The Daily Journal, March 28, 2014 (Subscription required)
Whittier Law School professor Betsy Rosenblatt was quoted in an article that focuses primarily on the upcoming Supreme Court case between cloud-based internet TV startup Aereo and a variety of broadcasters, including ABC, CBS, Disney and Fox.
The Cablevision case shows the remoteness of a DVR is not relevant to the public performance question, according to Betsy Rosenblatt, director of the Center for Intellectual Property Law at Whittier Law School.
Aereo’s individual antennas are nearly indistinguishable from Cablevision’s services, she said. But, she added, it’s possible a ruling against Aereo could bolster business for other cloud services – not hinder them.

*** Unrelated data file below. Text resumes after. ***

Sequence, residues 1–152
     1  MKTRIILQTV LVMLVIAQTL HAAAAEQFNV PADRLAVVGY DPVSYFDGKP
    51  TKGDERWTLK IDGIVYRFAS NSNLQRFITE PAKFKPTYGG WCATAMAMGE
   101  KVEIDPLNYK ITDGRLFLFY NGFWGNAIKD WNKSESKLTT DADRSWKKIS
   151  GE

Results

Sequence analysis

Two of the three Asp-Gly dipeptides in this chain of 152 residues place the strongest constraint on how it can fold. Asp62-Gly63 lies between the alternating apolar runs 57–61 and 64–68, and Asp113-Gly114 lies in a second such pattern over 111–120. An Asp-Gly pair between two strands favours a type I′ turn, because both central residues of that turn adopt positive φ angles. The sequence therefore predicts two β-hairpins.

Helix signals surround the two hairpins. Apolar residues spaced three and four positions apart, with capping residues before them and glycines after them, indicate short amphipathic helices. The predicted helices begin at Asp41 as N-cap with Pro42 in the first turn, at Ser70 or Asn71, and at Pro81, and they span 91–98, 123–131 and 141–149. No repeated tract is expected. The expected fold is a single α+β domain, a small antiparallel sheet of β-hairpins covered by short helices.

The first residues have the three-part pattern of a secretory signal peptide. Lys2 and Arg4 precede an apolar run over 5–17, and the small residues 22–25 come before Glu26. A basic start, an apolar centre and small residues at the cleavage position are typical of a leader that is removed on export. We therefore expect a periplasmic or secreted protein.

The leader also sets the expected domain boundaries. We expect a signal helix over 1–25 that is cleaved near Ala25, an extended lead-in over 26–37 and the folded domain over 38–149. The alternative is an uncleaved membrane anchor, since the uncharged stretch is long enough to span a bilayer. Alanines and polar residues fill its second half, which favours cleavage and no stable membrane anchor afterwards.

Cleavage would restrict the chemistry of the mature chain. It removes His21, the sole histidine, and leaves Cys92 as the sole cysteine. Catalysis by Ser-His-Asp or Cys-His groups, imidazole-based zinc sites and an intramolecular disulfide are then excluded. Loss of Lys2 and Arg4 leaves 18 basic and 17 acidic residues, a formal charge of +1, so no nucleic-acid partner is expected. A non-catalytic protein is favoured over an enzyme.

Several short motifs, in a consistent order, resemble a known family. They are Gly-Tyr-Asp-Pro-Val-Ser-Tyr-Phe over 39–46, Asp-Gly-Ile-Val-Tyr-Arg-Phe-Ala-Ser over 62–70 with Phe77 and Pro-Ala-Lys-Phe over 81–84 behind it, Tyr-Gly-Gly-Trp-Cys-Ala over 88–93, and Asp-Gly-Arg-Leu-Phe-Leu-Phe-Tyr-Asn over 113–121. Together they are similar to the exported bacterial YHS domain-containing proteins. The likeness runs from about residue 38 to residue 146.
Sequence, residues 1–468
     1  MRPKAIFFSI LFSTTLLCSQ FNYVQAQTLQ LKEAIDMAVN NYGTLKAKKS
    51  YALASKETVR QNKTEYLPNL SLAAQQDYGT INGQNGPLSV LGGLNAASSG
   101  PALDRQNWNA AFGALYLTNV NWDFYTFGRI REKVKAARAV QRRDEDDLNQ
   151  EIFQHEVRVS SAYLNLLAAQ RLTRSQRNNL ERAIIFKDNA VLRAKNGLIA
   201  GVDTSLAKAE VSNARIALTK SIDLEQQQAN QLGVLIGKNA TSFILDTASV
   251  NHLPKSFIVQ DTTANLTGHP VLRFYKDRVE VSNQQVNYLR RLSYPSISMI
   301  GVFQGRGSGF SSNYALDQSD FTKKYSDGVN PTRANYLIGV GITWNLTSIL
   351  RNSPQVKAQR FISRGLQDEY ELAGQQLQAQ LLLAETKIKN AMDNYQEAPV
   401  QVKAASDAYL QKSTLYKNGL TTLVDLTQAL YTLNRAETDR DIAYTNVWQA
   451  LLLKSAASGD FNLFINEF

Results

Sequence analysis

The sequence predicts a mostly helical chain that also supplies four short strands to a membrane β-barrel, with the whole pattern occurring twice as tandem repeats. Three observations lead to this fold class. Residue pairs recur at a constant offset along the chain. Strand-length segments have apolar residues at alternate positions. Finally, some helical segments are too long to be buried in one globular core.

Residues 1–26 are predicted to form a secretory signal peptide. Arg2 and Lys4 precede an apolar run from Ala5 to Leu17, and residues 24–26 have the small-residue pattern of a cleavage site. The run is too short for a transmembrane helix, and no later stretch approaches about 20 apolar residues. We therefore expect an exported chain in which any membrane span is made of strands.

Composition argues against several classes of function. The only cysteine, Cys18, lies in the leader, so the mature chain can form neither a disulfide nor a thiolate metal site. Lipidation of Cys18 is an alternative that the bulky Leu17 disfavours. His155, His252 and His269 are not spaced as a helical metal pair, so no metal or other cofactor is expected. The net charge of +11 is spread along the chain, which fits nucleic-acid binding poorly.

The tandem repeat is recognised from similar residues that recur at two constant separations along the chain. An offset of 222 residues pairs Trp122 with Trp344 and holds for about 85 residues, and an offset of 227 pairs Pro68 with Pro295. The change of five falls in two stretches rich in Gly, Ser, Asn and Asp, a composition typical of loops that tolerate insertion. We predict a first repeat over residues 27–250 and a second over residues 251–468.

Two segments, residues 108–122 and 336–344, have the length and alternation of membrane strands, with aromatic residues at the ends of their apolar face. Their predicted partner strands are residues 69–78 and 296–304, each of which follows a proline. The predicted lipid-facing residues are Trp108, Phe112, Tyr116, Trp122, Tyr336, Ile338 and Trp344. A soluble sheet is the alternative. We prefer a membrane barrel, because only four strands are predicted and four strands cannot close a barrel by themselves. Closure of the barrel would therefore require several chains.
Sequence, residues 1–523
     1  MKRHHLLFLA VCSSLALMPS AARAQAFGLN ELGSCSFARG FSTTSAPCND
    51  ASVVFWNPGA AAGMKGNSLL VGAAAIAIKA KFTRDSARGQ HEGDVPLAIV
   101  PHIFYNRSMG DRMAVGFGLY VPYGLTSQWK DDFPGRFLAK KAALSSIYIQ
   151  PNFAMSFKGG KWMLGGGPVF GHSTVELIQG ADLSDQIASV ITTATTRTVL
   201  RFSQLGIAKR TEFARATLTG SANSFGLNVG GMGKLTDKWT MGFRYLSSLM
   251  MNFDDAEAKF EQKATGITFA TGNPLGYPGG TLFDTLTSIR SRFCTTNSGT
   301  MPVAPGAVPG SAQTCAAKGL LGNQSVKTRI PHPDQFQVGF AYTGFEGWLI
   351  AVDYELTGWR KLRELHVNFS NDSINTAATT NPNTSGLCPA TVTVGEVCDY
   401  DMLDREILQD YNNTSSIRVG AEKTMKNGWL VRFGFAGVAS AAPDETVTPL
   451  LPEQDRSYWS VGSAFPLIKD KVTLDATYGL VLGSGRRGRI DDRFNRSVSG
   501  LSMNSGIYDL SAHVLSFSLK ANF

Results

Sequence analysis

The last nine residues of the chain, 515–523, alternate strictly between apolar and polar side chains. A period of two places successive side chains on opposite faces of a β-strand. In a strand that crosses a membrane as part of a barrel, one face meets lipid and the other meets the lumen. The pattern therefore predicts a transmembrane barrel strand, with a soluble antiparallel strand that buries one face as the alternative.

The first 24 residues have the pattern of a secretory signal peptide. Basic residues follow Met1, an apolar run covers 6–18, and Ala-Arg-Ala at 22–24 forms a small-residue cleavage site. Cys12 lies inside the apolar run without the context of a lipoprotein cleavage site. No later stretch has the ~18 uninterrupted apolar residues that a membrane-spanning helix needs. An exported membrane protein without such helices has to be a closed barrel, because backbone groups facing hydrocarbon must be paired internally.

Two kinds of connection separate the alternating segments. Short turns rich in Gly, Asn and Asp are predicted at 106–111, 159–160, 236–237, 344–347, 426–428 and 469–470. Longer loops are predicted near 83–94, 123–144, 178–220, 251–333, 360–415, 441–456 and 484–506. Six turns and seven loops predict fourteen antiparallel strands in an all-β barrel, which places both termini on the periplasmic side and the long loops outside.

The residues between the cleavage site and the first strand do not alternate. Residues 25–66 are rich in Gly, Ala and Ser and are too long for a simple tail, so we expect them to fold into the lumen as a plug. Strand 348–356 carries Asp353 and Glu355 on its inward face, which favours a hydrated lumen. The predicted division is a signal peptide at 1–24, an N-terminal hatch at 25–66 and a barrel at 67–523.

“If people can’t subscribe to Aereo, it might be good for licensed cloud services because it would make them more necessary,” Rosenblatt said. “Cable-cutting is a trend now, and Aereo helps facilitate that. If you can get network TV from Aereo, even people who don’t have cable or good TV reception don’t need to subscribe to Amazon or Netflix or Hulu Plus. But if Aereo stops, people need to subscribe to other services.”
Categories: In the News
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